Tag Archives: nostalgia

Margaret Cho’s Blog Post ‘Lost’: my thoughts

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 I just got through reading the latest post on Margaret Cho’s Blog, It is at margaretcho.com. The post is titled ‘Lost” and it is just her thoughts about people who are missing, lost, and how that makes her feel. She mentions ‘In Search Of..” the old Leonard Nimoy series on creepy things, including people who are lost. I’m not conveying the feeling of that post very well. You really need to read it. Margaret Cho is one of the most honest individuals I have ever encountered. She is beautiful, and powerful. She served as the inspiration for this blog. I wanted to produce a blog as brutally honest and wonderful as hers. She is generally thought of as a comedian who focuses on gay, lesbian, transgender issues. But there is a lot more to Margaret Cho than that. I hope that she realizes that herself, because as I read her blog it seems as though she hasn’t come to terms with herself and her incredible power and ability to influence others. She just wants to be an ordinary person leading an ordinary life. That fact alone sets her apart from a lot of people involved in show business. When I first became aware of her by watching her on youTube back in November I was mesmerized and kind of fell in love with her. That infatuation has since cooled down, although she can still touch my heart and does frequently. I fell in love with her truth telling, her vulnerability, her fearlessness. Yes, she is both, therein lies much of the fascination. So check out her blog! If you like me, you will like her, I guarantee it! I have no idea if she is aware of this blog, but I often leave comments on her blog. Perhaps someday I will meet her. I guess you could say I am a bit starstruck, except she isn’t (according to her) a star. So I guess I am personstruck. Oh! and I almost forgot! She’s funny too!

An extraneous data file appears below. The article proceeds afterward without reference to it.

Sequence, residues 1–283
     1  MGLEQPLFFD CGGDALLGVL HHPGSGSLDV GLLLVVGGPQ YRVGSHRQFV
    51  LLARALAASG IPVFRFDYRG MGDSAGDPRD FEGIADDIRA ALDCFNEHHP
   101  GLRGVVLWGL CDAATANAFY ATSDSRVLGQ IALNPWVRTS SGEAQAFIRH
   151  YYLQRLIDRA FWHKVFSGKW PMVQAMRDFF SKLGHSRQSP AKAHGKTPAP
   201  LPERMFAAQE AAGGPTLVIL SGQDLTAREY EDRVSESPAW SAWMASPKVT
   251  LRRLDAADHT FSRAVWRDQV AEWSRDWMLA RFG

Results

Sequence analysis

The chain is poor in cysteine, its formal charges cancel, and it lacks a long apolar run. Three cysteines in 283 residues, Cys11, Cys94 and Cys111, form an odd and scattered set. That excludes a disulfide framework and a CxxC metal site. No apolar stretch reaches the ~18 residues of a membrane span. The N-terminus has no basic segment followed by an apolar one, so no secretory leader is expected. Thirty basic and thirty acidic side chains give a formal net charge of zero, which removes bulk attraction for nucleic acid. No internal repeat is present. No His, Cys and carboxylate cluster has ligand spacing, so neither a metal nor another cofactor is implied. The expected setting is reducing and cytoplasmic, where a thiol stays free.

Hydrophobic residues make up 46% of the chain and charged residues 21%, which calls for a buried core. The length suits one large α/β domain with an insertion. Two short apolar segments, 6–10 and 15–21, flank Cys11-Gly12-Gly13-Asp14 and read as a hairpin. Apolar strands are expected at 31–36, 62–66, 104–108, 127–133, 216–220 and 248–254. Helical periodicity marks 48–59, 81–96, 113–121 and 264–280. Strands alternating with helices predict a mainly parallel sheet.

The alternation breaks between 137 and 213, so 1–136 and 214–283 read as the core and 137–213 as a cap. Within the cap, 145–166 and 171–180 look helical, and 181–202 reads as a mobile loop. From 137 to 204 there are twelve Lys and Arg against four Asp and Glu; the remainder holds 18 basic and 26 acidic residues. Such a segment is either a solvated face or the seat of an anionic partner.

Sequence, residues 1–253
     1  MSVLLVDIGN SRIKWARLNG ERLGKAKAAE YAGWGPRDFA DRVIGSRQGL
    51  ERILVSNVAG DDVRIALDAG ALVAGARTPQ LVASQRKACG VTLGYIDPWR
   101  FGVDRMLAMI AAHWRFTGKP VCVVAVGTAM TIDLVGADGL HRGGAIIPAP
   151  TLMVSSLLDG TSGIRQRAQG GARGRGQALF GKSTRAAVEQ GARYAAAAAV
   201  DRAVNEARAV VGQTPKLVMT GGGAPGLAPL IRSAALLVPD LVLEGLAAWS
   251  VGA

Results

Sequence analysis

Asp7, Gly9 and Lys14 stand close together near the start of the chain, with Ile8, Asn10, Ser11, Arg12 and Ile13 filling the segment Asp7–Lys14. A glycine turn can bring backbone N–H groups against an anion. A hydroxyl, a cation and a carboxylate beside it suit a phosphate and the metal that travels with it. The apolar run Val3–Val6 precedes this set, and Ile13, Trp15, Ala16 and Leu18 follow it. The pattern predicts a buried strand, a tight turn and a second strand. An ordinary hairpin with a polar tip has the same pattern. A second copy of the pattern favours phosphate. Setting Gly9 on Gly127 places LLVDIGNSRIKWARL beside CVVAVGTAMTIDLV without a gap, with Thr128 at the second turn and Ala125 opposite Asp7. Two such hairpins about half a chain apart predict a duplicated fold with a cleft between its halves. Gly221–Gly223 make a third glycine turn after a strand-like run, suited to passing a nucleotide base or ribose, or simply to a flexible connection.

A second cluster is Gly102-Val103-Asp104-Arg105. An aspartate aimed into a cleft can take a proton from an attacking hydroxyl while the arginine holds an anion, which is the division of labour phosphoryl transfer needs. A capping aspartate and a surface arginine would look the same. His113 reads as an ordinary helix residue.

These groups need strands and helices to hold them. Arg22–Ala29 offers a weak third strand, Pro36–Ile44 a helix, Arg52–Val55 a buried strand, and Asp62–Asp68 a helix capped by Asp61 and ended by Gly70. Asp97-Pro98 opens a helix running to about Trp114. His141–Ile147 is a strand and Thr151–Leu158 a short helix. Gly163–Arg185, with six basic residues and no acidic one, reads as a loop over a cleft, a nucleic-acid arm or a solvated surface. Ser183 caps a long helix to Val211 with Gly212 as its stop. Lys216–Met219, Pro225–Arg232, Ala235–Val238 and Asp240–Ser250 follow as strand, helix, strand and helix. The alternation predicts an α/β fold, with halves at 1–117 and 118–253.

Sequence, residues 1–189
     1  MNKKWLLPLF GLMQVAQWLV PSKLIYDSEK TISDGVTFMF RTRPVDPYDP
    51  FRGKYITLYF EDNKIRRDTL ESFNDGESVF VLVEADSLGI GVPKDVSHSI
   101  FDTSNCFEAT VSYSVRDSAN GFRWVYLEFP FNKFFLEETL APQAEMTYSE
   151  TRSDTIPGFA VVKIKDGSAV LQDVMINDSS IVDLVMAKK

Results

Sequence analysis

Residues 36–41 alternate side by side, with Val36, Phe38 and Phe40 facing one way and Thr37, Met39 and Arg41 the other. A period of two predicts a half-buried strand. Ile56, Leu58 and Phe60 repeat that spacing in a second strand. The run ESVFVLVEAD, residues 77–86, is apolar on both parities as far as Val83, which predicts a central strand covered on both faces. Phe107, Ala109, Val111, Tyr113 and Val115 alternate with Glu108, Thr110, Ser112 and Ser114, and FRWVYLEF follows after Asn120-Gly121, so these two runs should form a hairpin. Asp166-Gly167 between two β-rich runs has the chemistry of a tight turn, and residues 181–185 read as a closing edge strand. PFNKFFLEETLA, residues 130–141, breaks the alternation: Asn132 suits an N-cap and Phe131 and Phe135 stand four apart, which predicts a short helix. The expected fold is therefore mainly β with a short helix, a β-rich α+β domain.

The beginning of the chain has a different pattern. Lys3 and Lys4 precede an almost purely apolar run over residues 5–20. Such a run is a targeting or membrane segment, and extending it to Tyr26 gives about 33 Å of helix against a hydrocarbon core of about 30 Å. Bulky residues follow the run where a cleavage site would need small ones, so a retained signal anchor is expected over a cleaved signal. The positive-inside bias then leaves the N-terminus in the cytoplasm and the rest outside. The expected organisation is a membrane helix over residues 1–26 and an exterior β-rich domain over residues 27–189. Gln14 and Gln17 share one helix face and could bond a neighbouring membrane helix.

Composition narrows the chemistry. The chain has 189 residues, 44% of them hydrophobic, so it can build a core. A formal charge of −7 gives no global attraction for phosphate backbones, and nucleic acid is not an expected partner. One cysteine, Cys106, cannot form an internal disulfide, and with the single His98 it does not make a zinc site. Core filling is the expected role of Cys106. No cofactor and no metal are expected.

Now I’d like to add my bit to what she wrote. There are people, a lot of people, actually more people than I care to think about, that are lost. Forget the milk carton kids, that is just the tip of the iceberg. It is shocking how many people are unaccounted for in this vast forsaken world. Where are they? They may be dead, or living a different sort of life under different names. They could be sex slaves, or something even more horrible could have been their fate. Who knows? Although I am quite visible, not at all difficult to find, I nevertheless feel lost. How many people really know that I am here. They get a glimpse, nothing more. I am a ghost. So much of me is lost. My hold upon my nearly empty shell is tenuous at best. A few people know my mind, my emotions, and perhaps a slight hint of my soul. But it is temporary. Seventy years or so is only a moment, one flash of light within an ocean of eternal darkness. That is lost. That is what lost means to me. Margaret Cho was right to feel scared as she contemplates the lost, for it is terrifying true. We are all lost to a degree, separated from each other and our world by something we feel but cannot understand. But it does seem to be of our own making, this lostness. The literally lost serve as a metaphor for our unbearable loneliness. Elvis Presley once said he felt lonely even in the middle of a crowd. It’s that kind of lonely street upon which we all dwell. I can understand why this affected Margaret Cho so much. She wants to love everyone in a direct physical, overpowering way and is stymied by this loneliness. Now there are those who would describe this lostness as our unbearably painful separation from God, but I don’t feel qualified to offer an opinion about that. I prefer to stick to my own experience, than to philosophize with my keyboard. In my own experience I am plagued by ghosts. I see them in my dreams and sometimes they appear suddenly and shock me into lucidity. The past is lost, and this is where these ghosts dwell. As I grow older an entire world is lost to me, and becomes a poignant memory. Lost? Ask any elderly person about lost. Ask the mentally ill about lost. They know lost. They have lived lost. While I am frightened by lostness, I am also drawn into it. This is the essence of my nostalgia for a time before I was born. I would have loved to have been practicing magick with Aleister Crowley or painting with William Waterhouse. I’d have had a grand old time with Mark Twain. When contemplating the past, the distant past, like that of ancient Greece or Rome, I can be overwhelmed by what has been lost, and filled with a deep sadness. Lost is an inexhaustible subject for it’s depths lie beyond our reach. We can only shine our feeble torch into this abyss and report our meager findings.